Data integration: Data that was collected for Haima and for 4 previous Typhoons (Haiyan, Rammasun, Hagupit and Melor), included windspeed data, rainfall data, population, poverty data and number of damaged houses (where the latter is not collected for Haima, but is to be predicted). All data was calculated at the municipality level of the Philippines. This means for example that per municipality the average rainfall over the whole municipality area was calculated. Finally, all information per municipality was joined to each other using the PCODE-system, which assigns a unique identifier to each administrative area in the Philippines.

The prediction model was build using a Machine Learning method, called Random Forest Regressor. As all regression methods it uses historical data and attempts to learn a correlation between input data and their impact on the output.

Random Forest Regressor was selected as it outperformed another, usually also very successful method - Gradient Boosting Regressor. Its power comes from an interesting strategy of building multiple predictors (decision trees) and averaging their outputs. Each tree is built in a slightly different way, using different subset of historical data, and randomly selecting different variables during the process of building the trees. This strategy allows to build a model that can handle well multidimensional data and estimate well importance of each input variable. It is a highly configurable method so several experiments were held to select parameters that produce the best results on training data.

Performance Evaluation of performance let us estimate average prediction error to be close to 1800 and median error close to 1300 (half of predictions should be closer to real values than 1300). Errors were estimated using cross validation: averaging errors made by the model trained on all but one typhoon, which was left out for testing. Procedure was repeated 4 times, each time leaving different one for testing.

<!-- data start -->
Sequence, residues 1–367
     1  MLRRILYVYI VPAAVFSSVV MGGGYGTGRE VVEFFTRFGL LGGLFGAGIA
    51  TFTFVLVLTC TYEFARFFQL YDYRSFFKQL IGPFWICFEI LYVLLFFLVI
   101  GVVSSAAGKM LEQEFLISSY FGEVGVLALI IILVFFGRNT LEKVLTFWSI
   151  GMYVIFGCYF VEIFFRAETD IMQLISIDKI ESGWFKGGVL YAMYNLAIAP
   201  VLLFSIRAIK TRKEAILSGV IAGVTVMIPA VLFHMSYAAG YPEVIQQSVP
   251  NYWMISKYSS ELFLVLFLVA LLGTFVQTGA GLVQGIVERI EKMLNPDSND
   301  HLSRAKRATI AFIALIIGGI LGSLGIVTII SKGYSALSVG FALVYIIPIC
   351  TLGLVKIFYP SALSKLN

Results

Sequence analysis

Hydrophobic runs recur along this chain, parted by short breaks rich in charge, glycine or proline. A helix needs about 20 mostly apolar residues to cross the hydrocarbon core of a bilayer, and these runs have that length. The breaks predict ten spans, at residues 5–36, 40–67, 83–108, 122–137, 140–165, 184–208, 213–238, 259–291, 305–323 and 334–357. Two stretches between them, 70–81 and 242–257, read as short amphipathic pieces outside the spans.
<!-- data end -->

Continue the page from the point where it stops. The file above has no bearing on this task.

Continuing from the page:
Application The model was applied to predict numbers of houses damaged by Haima, the most recent typhoon. Predicted numbers were used to prioritize municipalities in a scale from 1 to 5 (1 of lowest damage, 5 for highest predicted damage). The categories were assigned using following percentiles: 0%, 35%, 65%, 85%, 95%, which should be interpreted as: 35% of all municipalities with lowest damage were assigned priority 1, 5% of all municipalities with highest predicted numbers were given priority 5. This selection of thresholds was rather arbitrary, with a goal in mind to emphasize places with highest damage. Chosen percentiles translate to the following absolute numbers:

Priority 1 - predicted number of houses damaged below 183 Priority 2 - predicted number of houses damaged between [183, 345) Priority 3 - predicted number of houses damaged between [345, 1205) Priority 4 - predicted number of houses damaged between [1205, 2498) Priority 5 - predicted number of houses damaged over 2498

Future steps Prepared model is going to be improved in future by adding more input variables related to geographical information and by extending training data. When more data is available also selection of the algorithm will be reconsidered, if simulation results motivate it.

Caveats / Comments

Accuracy: NDRRMC publishes official data; they can only publish the official data when it is validated by their local counterparts (LGU or regional officials).